This day I call heaven and earth as witnesses against you that I have set before you life and death, blessings and curses. Now choose life, so that you and your children may live and that you may love the Lord your God, listen to his voice, and hold fast to him. For the Lord is your life, and he will give you many years in the land he swore to give to your fathers, Abraham, Isaac and Jacob (Deuteronomy 30:19-20).
If the Israelites would be faithful to God they would have the opportunity to receive long life and happiness in the land of Canaan.
Just as Adam and Eve lost access to the Tree of Life, in Moses' day God was offering Israel a partial taste of the blessing of the life found there. This experience of life was not the full measure of the eternal life that we know when Christ returns. Yet, it would have been a partial foretaste of what was to come in Christ. Moses offered Israel the opportunity to enjoy the blessing of long life in the Land of Promise.
So we have seen that the story of Adam and Eve's rebellion in the Garden of Eden was much more than an account of the origin of sin in the world. By drawing connections between Eden and Canaan, Moses taught his Israelite readers about their own lives as well. They learned how wonderful the Land of Promise could be for them.
Now that we have seen the literary structure and the original meaning of Genesis 2 and 3, we are ready to ask a third question. How does the New Testament teach us to apply this passage today?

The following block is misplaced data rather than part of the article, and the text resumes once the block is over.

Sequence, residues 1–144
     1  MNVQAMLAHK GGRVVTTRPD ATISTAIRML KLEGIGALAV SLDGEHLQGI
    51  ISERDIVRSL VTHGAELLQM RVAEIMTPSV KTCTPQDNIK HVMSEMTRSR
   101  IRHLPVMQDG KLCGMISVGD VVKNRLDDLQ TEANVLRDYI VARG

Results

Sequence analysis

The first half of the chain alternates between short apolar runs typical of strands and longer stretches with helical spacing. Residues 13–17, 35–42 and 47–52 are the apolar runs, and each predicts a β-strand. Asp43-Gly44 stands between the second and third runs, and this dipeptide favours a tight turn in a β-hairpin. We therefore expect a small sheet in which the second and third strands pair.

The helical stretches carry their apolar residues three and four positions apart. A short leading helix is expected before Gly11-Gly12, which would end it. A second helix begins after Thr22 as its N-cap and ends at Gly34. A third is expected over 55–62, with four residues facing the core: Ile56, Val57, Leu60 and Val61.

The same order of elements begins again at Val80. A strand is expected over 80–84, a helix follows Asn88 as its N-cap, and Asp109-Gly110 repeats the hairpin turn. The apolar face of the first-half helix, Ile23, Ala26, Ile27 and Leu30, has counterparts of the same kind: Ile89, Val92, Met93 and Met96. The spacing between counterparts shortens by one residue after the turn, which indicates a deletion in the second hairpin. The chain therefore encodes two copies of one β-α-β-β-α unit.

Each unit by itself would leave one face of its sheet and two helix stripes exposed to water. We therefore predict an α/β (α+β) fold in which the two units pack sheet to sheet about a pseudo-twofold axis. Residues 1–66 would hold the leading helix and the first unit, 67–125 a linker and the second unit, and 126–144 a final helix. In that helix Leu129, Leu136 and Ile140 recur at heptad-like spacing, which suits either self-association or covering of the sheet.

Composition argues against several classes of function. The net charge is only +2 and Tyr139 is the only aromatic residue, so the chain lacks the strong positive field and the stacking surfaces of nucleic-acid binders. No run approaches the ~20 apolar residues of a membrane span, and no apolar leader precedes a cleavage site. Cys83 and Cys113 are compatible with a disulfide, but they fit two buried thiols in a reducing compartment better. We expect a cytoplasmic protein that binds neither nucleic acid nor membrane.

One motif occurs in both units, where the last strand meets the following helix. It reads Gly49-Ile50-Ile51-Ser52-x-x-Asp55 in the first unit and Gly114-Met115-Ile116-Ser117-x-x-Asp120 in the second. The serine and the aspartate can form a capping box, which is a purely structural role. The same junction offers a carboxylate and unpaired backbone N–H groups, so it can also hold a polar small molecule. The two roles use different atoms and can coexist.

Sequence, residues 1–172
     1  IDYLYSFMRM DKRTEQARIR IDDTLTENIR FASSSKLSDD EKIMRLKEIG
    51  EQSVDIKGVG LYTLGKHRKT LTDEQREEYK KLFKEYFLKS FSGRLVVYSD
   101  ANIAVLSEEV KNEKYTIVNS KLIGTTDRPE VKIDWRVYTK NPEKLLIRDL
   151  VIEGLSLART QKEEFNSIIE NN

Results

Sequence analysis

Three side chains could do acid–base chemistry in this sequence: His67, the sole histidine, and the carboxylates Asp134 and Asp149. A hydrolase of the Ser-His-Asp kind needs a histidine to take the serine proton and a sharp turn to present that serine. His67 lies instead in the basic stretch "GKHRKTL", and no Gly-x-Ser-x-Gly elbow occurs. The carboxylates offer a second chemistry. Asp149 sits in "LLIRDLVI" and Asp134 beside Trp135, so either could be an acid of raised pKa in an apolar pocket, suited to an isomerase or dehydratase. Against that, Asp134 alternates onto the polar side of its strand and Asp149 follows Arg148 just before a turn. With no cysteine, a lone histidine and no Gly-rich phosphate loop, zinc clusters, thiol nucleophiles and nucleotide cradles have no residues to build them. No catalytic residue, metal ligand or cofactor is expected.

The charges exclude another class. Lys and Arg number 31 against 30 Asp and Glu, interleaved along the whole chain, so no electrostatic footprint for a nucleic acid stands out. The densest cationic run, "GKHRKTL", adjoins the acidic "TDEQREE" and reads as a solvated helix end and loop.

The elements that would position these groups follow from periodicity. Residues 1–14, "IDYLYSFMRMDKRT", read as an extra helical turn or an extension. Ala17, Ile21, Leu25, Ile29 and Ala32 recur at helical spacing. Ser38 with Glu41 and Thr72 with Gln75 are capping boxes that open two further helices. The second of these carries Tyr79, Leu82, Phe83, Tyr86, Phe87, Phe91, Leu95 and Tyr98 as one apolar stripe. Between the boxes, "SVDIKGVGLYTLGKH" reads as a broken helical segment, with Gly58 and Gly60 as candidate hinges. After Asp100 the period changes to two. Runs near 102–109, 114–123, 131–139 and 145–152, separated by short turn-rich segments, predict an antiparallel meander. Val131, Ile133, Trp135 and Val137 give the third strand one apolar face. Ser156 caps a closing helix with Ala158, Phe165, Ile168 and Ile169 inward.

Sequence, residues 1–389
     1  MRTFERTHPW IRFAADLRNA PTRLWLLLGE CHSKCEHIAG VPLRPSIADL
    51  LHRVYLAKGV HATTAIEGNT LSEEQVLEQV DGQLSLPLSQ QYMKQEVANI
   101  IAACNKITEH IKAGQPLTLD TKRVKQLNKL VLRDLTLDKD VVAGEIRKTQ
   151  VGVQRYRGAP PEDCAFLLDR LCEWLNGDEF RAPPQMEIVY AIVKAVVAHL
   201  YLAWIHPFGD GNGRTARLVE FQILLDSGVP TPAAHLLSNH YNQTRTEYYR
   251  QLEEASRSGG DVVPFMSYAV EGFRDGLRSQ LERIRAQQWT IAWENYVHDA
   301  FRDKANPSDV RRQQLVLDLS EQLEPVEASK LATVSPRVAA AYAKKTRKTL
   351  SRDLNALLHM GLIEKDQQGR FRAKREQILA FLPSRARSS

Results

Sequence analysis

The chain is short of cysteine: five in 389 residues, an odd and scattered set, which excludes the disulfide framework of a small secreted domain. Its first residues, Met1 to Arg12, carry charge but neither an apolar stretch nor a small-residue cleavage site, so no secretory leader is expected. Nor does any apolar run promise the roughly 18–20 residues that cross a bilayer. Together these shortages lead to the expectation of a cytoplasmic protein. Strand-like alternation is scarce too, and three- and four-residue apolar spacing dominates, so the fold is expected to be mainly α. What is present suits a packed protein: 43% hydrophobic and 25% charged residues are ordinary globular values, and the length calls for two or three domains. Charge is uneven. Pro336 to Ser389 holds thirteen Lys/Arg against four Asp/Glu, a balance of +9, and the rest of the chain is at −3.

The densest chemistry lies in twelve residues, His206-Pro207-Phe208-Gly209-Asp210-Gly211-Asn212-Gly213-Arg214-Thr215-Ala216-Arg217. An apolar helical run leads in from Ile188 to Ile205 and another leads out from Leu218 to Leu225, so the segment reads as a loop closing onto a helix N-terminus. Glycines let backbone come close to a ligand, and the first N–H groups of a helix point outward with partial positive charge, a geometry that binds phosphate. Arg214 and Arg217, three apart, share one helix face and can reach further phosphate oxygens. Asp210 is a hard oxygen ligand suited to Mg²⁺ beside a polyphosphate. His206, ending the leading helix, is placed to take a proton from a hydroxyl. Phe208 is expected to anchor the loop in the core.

It is clear to us that Moses wrote this passage to encourage his Israelite readers to avoid the mistakes of Adam and Eve and to move back into paradise by entering Canaan. But what do these instructions to Israel have to do with us today? Put simply, just as Moses used the story of sin in the garden to encourage Israel to retrace and reverse the steps of Adam so that they could find the salvation of living in paradise once again, the writers of the New Testament taught that salvation in Christ is also a return to paradise.
We will explore the New Testament's use of Genesis 2 and 3 in relation to Christ in our usual fashion by focusing on the three phases of Christ's kingdom. We will begin by looking at how this passage is applied to the inauguration of the kingdom in the first coming of Christ, and then we will see how it speaks to our lives in the continuation of the kingdom of God today. And finally, we will see that the New Testament draws upon this passage as it teaches about the consummation of Christ's kingdom in his second coming. Let's look first at the inauguration of the kingdom.
One way in which the New Testament speaks of the salvation Christ brings to the world is in his earthly ministry. In the inauguration of the kingdom Christ retraced and reversed what Adam and Eve had done in the Garden of Eden. In his earthly ministry Christ fulfilled God's commands where Adam and Eve failed. We will investigate this aspect of New Testament teaching by looking first at how this theme appears in Paul's letters, and second, how it appears in the gospel of Matthew. Let's begin with Paul's outlook.
Paul summarized his viewpoint succinctly in Romans 5:14. There he wrote:
Death reigned from the time of Adam to the time of Moses, even over those who did not sin by breaking a command, as did Adam, who was a pattern of the one to come (Romans 5:14).
Notice that Paul said Adam was a type of one to come. The rest of Romans 5 makes it clear that "the one to come" was Christ. Listen to the way Paul summarized the matter in Romans 5:18-19:
Just as the result of one trespass was condemnation for all men, so also the result of one act of righteousness was justification that brings life for all men. For just as through the disobedience of the one man the many were made sinners, so also through the obedience of the one man the many will be made righteous (Romans 5:18-19).